AXELROD:  I think—I think the president has—it‘s all for the benefit of our economy, Chris.  I think the president has done a good job of explaining.  And I think what you‘ll find is out in the country, not in Washington, there‘s an enormous amount of support of it.  I haven‘t seen any dimension of support for this program in the country.  I think people get it.  I think they want it and they want action now.

MATTHEWS:  OK, let me ask you about the president‘s political strategy.  For a while there, we talked or you talked and the country was talking about a post-partisan era coming, where all we‘d get together, there‘d be enough people that got together, wouldn‘t have the usual street fights.  And then lately this week, the president‘s been getting with a harder edge.  He‘s been talking, as he did at Williamsburg the other night with the Democratic caucus—he was talking about basically sticking it to the other side, warning the Republicans they blew it, basically, Go along with what‘s new here.

What is it?  I don‘t know how many Republicans you can beat with this strategy.  Is this stick or is this carrot?

AXELROD:  Look, I think, Chris, the point is that we have a country in an economic crisis.  I think those who failed to act, those who want to turn back the clock, I think put themselves in some jeopardy.  But we‘re not trying to get into a political contest over this.  We‘re trying to move the country forward.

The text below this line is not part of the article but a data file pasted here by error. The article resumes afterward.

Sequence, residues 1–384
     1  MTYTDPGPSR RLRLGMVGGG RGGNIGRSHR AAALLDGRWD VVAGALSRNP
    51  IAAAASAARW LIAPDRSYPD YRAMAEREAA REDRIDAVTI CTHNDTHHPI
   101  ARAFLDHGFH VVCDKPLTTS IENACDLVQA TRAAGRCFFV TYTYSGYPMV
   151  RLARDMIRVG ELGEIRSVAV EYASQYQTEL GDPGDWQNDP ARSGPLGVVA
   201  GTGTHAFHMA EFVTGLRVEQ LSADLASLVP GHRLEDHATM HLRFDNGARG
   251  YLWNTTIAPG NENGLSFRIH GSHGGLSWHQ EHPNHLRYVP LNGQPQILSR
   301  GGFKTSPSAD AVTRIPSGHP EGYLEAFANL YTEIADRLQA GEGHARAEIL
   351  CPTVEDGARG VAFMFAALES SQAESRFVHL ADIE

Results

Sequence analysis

The president—by the way, the president does believe that we should

have dialogue over the issues.  He had conversations with Senator Snowe and

others.  I think he believes that there‘s value in talking.  But the time

for talk is now done.  We need to move this thing forward.  And if anybody

needed a wake-up call, I think these statistics this morning, these 600,000

people who lost their jobs last month -- 3.6 million in the last 13 months

ought to be that wake-up call.

MATTHEWS:  Well, let me give you some numbers.  Mike Viqueira just reported for us a minute or two before you came on that the—the Democratic staffer he talked to in the Senate leadership says that the party needs six Republicans.  That means you‘ve got 54 Democrats.  That means you‘ve got four short of the number of people sitting there.  Maybe Ted Kennedy has health reasons he can‘t get there.  Obviously, Al Franken can‘t vote.  You need six votes from the Republican side.

If you don‘t get the six, whose fault is it?  Is it the Republican Party for obstructionism?  Is it the Democratic leadership for going along with this need for 60 votes?  Why don‘t they just vote a majority up there and see—and dare the Republicans to oppose it?  I don‘t understand the tactic.  Why don‘t they just vote 51 -- or 54 Democrats, have the Republicans filibuster?  Go ahead, bring the cots in, stay up all night, and point out the Republicans standing against the stimulus package.  What‘s wrong with calling their bluff?  I don‘t get it.